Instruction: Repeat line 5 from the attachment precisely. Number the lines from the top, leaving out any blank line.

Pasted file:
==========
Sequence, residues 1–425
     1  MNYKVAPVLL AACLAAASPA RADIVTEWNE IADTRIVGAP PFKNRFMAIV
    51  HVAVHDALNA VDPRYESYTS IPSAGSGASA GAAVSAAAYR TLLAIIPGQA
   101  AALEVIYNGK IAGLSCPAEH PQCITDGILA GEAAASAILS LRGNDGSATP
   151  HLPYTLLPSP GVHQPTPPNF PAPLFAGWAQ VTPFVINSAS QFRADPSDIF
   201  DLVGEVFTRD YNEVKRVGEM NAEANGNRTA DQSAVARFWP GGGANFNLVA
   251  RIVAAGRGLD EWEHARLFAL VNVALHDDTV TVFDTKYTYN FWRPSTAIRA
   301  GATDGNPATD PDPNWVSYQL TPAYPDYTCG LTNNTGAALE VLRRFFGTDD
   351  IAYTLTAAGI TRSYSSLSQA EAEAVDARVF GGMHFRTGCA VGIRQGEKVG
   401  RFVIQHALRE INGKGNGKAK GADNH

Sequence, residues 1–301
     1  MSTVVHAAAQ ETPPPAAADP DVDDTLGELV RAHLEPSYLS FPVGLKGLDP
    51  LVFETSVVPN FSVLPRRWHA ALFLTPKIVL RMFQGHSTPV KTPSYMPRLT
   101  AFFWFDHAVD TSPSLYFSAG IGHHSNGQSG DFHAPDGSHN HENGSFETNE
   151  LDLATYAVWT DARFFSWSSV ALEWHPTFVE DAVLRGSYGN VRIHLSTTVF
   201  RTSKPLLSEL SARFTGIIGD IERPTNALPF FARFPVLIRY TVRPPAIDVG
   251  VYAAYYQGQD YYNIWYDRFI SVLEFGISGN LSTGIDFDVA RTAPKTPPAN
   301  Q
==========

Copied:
   151  HLPYTLLPSP GVHQPTPPNF PAPLFAGWAQ VTPFVINSAS QFRADPSDIF